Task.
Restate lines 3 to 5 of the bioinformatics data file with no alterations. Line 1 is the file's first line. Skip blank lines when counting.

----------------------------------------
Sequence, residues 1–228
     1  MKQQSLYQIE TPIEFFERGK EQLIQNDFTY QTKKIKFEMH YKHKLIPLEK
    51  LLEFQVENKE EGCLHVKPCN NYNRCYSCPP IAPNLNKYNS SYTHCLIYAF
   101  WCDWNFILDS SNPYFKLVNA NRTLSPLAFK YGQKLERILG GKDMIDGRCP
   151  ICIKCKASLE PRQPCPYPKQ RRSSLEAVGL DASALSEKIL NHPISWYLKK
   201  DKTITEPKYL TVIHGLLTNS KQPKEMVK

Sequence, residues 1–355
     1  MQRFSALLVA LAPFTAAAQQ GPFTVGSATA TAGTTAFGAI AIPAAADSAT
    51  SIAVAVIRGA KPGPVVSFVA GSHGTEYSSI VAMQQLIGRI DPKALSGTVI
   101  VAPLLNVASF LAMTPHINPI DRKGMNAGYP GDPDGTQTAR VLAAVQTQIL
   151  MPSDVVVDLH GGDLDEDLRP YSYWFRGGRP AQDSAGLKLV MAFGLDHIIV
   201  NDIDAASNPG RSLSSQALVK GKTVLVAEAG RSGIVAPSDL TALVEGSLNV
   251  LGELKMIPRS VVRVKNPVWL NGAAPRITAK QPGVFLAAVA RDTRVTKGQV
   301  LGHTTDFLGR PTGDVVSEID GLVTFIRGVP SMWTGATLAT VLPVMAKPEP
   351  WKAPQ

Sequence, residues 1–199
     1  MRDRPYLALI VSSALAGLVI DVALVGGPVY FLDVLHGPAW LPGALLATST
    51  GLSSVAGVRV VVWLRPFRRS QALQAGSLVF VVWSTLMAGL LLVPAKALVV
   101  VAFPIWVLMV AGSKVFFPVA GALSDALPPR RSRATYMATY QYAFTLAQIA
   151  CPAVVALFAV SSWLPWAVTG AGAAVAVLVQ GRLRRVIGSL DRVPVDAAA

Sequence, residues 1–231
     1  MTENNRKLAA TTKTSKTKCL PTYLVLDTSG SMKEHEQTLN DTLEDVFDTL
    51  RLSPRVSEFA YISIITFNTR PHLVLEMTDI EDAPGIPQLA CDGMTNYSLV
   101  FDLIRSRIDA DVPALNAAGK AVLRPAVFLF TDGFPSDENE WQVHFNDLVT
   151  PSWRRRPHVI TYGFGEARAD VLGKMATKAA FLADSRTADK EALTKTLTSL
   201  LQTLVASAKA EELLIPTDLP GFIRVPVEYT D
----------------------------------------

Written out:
    51  LLEFQVENKE EGCLHVKPCN NYNRCYSCPP IAPNLNKYNS SYTHCLIYAF
   101  WCDWNFILDS SNPYFKLVNA NRTLSPLAFK YGQKLERILG GKDMIDGRCP
   151  ICIKCKASLE PRQPCPYPKQ RRSSLEAVGL DASALSEKIL NHPISWYLKK